Only five years after Wall Street brought about economic collages through irresponsible handling of mortgage debt, the industry is coming under increasing scrutiny for its questionable involvement in the field of student loan debt. With students across the country finding it increasingly difficult to pay for college, many feel that Wall Street’s involvement in student loans is unethical, to say the least.
Why the Concern?
As increasing numbers of students started borrowing for college, Wall Street took notice and started getting involved more heavily in the lending, buying, packaging, collection, and servicing of student loans. With around a trillion dollars of outstanding student loans, many of the same issues that were involved in the subprime mortgage market are showing up in the world of student loan debt. This includes predatory lending, poor customer service, and very aggressive debt collection practices. The similarities between the subprime mortgage market and student debt is especially similar in the field of private student loans, which account for about $150 billion in debt.
The Effects of Wall the Street Involvement
A Consumer Financial Protection Bureau and Department of Education report in July of this year shows that private student loans have mushroomed over the last ten years, mainly due to the never ending desire by Wall Street to make more and more money. Investor pressure for securities backed by student loans caused major lenders like Citi, Sallie Mae, Wells Fargo, and others to lower standards for lending and to market student loans directly and aggressively.
The majority of student loans used to be made in conjunction with college financial aid departments, ensuring that students didn’t borrow more than they could afford and weren’t taken advantage of. Since 2005, however, the amount of student loans made without school influence or involvement grew to over 70%. At the same time, the amount of student loans quadrupled.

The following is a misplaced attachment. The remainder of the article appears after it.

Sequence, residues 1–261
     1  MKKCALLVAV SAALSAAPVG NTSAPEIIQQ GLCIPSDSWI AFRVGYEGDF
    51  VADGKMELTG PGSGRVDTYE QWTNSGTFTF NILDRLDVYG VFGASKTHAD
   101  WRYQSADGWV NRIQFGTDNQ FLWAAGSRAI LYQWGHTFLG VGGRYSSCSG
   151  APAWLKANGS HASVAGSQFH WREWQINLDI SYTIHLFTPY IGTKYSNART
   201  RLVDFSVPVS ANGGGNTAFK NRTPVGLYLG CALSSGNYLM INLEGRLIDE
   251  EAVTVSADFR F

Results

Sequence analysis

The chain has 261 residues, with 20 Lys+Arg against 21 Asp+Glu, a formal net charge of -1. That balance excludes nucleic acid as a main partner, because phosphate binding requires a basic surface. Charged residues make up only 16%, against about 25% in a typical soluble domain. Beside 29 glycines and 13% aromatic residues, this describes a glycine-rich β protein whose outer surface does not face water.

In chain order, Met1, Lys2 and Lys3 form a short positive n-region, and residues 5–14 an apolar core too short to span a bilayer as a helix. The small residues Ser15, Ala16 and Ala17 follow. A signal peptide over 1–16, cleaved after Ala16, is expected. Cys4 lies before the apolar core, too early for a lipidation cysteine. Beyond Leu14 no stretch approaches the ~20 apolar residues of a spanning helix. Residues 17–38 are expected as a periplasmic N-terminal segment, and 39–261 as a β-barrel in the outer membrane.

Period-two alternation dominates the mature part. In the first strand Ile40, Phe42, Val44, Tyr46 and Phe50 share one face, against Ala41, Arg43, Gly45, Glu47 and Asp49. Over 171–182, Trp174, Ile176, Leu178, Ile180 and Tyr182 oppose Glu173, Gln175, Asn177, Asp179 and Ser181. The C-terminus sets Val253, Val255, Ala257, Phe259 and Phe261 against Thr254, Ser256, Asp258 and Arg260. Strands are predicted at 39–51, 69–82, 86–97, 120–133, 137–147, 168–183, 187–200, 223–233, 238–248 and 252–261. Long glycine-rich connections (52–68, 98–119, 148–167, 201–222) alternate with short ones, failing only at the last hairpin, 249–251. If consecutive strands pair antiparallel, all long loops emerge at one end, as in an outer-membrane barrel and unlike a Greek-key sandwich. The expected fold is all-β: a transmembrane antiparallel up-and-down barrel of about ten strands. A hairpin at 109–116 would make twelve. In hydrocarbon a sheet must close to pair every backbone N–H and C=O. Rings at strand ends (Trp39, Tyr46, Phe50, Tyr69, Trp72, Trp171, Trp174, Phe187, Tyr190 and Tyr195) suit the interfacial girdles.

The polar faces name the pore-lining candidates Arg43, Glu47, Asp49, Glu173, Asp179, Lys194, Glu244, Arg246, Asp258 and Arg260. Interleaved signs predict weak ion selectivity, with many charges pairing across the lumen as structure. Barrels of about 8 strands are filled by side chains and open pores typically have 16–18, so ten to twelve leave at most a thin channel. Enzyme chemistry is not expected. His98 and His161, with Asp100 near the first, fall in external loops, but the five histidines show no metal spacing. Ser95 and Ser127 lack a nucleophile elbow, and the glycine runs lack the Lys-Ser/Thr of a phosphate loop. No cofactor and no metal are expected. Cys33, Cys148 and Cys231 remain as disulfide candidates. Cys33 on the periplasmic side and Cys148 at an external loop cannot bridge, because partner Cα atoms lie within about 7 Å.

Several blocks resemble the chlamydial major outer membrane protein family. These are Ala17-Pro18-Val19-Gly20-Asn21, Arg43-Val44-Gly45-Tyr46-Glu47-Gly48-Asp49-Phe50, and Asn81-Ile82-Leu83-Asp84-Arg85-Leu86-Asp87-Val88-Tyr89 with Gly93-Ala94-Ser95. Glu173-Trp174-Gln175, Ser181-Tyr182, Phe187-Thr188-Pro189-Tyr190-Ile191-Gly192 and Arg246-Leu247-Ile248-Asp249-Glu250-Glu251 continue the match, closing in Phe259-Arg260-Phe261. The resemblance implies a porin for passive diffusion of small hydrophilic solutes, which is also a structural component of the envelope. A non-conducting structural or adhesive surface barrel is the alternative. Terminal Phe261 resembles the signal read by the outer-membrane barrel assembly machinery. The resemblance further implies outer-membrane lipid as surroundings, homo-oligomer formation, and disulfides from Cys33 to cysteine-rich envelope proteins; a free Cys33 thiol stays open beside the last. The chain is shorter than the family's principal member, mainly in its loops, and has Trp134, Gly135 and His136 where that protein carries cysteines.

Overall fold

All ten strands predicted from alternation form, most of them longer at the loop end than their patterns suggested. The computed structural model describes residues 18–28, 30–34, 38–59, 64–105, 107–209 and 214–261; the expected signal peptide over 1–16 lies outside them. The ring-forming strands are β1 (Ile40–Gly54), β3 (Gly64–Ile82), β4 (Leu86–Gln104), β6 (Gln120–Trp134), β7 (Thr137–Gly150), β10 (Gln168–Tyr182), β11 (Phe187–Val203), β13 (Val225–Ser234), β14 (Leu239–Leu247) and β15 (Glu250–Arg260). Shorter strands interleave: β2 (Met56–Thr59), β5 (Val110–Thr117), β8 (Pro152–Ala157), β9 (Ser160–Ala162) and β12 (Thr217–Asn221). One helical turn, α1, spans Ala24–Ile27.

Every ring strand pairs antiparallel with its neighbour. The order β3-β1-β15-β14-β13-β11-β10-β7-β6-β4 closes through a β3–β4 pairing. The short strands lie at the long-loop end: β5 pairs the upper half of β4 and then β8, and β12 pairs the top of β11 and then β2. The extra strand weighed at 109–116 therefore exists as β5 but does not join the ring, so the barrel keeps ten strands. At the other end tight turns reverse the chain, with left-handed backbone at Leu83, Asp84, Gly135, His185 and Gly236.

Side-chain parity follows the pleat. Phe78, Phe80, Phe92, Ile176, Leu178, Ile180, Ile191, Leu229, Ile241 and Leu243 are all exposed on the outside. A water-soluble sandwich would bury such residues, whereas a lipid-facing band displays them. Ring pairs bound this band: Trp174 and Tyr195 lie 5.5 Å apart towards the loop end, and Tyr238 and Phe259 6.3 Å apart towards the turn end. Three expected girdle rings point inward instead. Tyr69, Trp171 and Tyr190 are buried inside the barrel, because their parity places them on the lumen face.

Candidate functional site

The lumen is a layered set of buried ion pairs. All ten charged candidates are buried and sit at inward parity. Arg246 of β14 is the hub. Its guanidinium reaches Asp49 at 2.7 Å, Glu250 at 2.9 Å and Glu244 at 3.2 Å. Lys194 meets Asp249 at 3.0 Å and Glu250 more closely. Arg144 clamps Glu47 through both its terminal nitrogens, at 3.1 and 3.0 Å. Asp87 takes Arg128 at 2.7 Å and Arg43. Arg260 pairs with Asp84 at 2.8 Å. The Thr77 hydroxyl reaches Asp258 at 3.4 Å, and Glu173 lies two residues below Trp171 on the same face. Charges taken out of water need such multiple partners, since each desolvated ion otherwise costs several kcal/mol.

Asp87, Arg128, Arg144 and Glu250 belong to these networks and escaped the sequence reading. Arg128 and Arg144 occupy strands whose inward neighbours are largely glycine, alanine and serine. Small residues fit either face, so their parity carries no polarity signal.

In a further move to make money, some of the largest banks in the country now own debt collection agencies that are on contract to collect default student loans for the Department of Education. NCO Group and Allied Interstate, owned by JP Morgan Chase and Citi respectively, have received the largest number of complaints through the Better Business Bureau for collection practices in the last three years.
Help for Students
Not everyone is out to prey on college students. The Consumer Financial Protection Bureau is now providing federal oversight of the largest debt collection agencies in the country. In addition, the Department of Education intends to reward good collection practices and penalize those who use unsavory practices. Even though there are now agencies watching out for those who owe student loans, it is a good idea to stick with federal loans when possible and to only borrow the absolute minimum needed to pay for education. That means less money in Wall Street and more in your pocket.